Data Types: double

rLogL — Restricted model loglikelihood maximascalar | vector

Restricted model loglikelihood maxima, specified as a scalar or vector. If rLogL is a scalar, then the software expands it to the same length as uLogL. Elements of rLogL should not exceed the corresponding elements of uLogL.

Data Types: double

dof — Degrees of freedompositive integer | vector of positive integers

Degrees of freedom for the asymptotic, chi-square distribution of the test statistics, specified as a positive integer or vector of positive integers.

For each corresponding test, the elements of dof:

  • Are the number of model restrictions

  • Should be less than the number of parameters in the unrestricted model.

When conducting k > 1 tests,

  • If dof is a scalar, then the software expands it to a k-by-1 vector.

  • If dof is a vector, then it must have length k.

Data Types: double

alpha — Nominal significance levels0.05 (default) | scalar | vector

Nominal significance levels for the hypothesis tests, specified as a scalar or vector.

Each element of alpha must be greater than 0 and less than 1.

When conducting k > 1 tests,

  • If alpha is a scalar, then the software expands it to a k-by-1 vector.

  • If alpha is a vector, then it must have length k.

Data Types: double

Output Arguments

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h — Test rejection decisionslogical | vector of logicals

Test rejection decisions, returned as a logical value or vector of logical values with a length equal to the number of tests that the software conducts.

  • h = 1 indicates rejection of the null, restricted model in favor of the alternative, unrestricted model.

  • h = 0 indicates failure to reject the null, restricted model.

pValue — Test statistic p-valuesscalar | vector

Test statistic p-values, returned as a scalar or vector with a length equal to the number of tests that the software conducts.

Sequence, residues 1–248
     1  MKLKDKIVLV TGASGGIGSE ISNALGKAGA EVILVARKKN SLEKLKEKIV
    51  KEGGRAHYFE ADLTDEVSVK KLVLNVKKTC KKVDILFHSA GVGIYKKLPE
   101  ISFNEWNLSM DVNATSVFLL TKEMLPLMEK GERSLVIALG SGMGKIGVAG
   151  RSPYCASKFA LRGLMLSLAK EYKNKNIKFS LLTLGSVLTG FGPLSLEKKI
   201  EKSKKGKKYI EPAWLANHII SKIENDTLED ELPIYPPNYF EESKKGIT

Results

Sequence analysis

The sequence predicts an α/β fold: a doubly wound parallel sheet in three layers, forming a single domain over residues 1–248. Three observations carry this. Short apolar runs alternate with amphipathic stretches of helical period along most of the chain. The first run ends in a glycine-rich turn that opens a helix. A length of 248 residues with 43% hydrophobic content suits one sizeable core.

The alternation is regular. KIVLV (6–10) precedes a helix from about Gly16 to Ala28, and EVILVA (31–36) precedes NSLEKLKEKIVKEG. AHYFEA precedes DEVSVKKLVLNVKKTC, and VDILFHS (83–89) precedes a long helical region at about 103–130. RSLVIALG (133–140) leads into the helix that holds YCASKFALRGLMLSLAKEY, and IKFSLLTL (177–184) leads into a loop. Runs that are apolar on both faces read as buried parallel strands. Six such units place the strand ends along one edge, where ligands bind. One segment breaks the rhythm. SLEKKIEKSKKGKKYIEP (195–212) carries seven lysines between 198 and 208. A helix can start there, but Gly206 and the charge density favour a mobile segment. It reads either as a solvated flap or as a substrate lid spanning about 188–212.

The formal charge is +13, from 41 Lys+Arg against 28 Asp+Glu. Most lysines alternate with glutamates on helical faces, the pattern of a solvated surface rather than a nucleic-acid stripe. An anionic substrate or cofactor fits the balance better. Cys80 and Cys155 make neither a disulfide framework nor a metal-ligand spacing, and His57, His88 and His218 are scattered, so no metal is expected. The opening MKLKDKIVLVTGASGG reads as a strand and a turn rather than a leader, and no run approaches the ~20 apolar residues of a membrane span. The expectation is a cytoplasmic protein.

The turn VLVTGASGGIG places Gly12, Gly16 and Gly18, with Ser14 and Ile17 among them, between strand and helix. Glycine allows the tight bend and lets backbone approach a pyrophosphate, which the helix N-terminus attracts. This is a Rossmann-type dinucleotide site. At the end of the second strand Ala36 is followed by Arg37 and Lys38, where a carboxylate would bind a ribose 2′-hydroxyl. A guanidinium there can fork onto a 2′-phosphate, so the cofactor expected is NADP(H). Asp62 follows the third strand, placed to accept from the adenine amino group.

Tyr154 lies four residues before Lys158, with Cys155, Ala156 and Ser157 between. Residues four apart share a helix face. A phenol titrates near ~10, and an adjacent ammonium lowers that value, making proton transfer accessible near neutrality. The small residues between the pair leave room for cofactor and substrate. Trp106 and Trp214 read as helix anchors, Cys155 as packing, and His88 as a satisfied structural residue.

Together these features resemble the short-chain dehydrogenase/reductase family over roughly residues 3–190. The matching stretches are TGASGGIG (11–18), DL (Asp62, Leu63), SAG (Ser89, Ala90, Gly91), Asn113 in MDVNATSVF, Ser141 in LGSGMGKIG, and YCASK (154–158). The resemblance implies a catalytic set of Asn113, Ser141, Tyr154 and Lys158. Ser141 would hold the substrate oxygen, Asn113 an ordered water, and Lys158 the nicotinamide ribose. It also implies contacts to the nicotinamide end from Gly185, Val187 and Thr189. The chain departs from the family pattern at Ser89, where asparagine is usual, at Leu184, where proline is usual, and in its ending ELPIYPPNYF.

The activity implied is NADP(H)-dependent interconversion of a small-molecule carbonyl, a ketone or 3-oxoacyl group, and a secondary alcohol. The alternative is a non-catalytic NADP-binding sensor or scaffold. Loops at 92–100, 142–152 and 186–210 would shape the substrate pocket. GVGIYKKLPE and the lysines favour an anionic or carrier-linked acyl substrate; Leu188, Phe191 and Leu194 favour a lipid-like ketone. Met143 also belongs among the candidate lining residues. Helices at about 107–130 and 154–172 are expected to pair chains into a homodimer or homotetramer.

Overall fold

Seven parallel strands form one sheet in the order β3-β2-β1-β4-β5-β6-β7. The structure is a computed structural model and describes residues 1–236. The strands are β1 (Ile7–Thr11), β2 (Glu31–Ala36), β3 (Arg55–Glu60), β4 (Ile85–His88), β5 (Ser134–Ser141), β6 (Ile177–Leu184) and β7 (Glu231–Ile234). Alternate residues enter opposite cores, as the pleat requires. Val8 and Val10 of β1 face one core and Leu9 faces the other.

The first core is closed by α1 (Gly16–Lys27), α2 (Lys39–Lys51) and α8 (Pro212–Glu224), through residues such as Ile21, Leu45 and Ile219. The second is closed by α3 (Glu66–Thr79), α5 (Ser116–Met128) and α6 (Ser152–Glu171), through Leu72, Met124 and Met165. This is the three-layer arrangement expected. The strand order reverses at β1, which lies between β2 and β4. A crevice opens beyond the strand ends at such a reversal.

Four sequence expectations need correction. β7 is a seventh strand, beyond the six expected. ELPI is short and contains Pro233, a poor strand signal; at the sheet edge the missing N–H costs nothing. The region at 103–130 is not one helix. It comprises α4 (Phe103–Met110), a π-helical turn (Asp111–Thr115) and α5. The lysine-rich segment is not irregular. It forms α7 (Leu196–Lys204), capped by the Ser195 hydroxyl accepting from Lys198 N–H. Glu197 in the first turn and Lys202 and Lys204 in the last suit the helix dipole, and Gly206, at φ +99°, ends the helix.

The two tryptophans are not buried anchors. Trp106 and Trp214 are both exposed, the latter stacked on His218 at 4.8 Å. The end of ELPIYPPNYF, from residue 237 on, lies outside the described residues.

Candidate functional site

stat — Test statisticsscalar | vector

Test statistics, returned as a scalar or vector with a length equal to the number of tests that the software conducts.

cValue — Critical valuesscalar | vector

Critical values determined by alpha, returned as a scalar or vector with a length equal to the number of tests that the software conducts.

More About

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Likelihood Ratio Test

The likelihood ratio test compares specifications of nested models by assessing the significance of restrictions to an extended model with unrestricted parameters.

The test uses the following algorithm:

  1. Maximize the loglikelihood function [l(θ)] under the restricted and unrestricted model assumptions. Denote the MLEs for the restricted and unrestricted models θ^0 and θ^, respectively.

  2. Evaluate the loglikelihood objective function at the restricted and unrestricted MLEs, i.e., l^0=l(θ^0) and l^=l(θ^).

  3. Compute the likelihood ratio test statistic, LR=2(l^l^0).

  4. If LR exceeds a critical value (Cα) relative to its asymptotic distribution, then reject the null, restricted model in favor of the alternative, unrestricted model.

    • Under the null hypothesis, LR is χd2 distributed with d degrees of freedom.

    • The degrees of freedom for the test (d) is the number of restricted parameters.

    • The significance level of the test (α) determines the critical value (Cα).

Tips

  • Estimate unrestricted and restricted univariate linear time series models, such as arima or garch, or time series regression models (regARIMA) using estimate. Estimate unrestricted and restricted multivariate linear time series models using vgxvarx.

    estimate and vgxvarx return loglikelihood maxima, which you can use as inputs to lratiotest.

  • If you can easily compute both restricted and unrestricted parameter estimates, then use lratiotest. By comparison:

    • waldtest only requires unrestricted parameter estimates.

    • lmtest requires restricted parameter estimates.

Algorithms

  • lratiotest performs multiple, independent tests when the unrestricted or restricted model loglikelihood maxima (uLogL and rLogL, respectively) is a vector.

    • If rLogL is a vector and uLogL is a scalar, then lratiotest "tests down" against multiple restricted models.

    • If uLogL is a vector and rLogL is a scalar, then lratiotest "tests up" against multiple unrestricted models.

    • Otherwise, lratiotest compares model specifications pair-wise.

  • alpha is nominal in that it specifies a rejection probability in the asymptotic distribution. The actual rejection probability is generally greater than the nominal significance.

References

[1] Davidson, R. and J. G. MacKinnon. Econometric Theory and Methods. Oxford, UK: Oxford University Press, 2004.

[2] Godfrey, L. G. Misspecification Tests in Econometrics. Cambridge, UK: Cambridge University Press, 1997.

[3] Greene, W. H. Econometric Analysis. 6th ed. Upper Saddle River, NJ: Pearson Prentice Hall, 2008.

[4] Hamilton, J. D. Time Series Analysis. Princeton, NJ: Princeton University Press, 1994.